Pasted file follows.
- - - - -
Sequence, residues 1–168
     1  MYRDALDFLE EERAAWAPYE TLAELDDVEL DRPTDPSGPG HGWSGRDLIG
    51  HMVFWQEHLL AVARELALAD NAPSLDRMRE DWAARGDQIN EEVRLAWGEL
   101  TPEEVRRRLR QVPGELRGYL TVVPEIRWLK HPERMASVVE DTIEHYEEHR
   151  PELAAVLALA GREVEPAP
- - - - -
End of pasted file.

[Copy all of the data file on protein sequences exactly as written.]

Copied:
Sequence, residues 1–168
     1  MYRDALDFLE EERAAWAPYE TLAELDDVEL DRPTDPSGPG HGWSGRDLIG
    51  HMVFWQEHLL AVARELALAD NAPSLDRMRE DWAARGDQIN EEVRLAWGEL
   101  TPEEVRRRLR QVPGELRGYL TVVPEIRWLK HPERMASVVE DTIEHYEEHR
   151  PELAAVLALA GREVEPAP